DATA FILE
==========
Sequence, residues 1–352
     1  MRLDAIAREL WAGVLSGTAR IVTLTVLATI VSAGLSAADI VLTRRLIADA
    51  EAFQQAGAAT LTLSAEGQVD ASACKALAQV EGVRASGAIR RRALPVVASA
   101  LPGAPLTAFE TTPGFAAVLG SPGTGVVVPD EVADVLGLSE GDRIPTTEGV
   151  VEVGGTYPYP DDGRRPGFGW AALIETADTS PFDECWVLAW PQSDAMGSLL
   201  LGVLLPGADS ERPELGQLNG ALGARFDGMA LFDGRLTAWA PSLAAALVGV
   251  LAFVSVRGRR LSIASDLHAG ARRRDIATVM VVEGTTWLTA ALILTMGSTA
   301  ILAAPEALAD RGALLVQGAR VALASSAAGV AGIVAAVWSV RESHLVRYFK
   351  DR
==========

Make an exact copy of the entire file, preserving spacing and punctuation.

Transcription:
Sequence, residues 1–352
     1  MRLDAIAREL WAGVLSGTAR IVTLTVLATI VSAGLSAADI VLTRRLIADA
    51  EAFQQAGAAT LTLSAEGQVD ASACKALAQV EGVRASGAIR RRALPVVASA
   101  LPGAPLTAFE TTPGFAAVLG SPGTGVVVPD EVADVLGLSE GDRIPTTEGV
   151  VEVGGTYPYP DDGRRPGFGW AALIETADTS PFDECWVLAW PQSDAMGSLL
   201  LGVLLPGADS ERPELGQLNG ALGARFDGMA LFDGRLTAWA PSLAAALVGV
   251  LAFVSVRGRR LSIASDLHAG ARRRDIATVM VVEGTTWLTA ALILTMGSTA
   301  ILAAPEALAD RGALLVQGAR VALASSAAGV AGIVAAVWSV RESHLVRYFK
   351  DR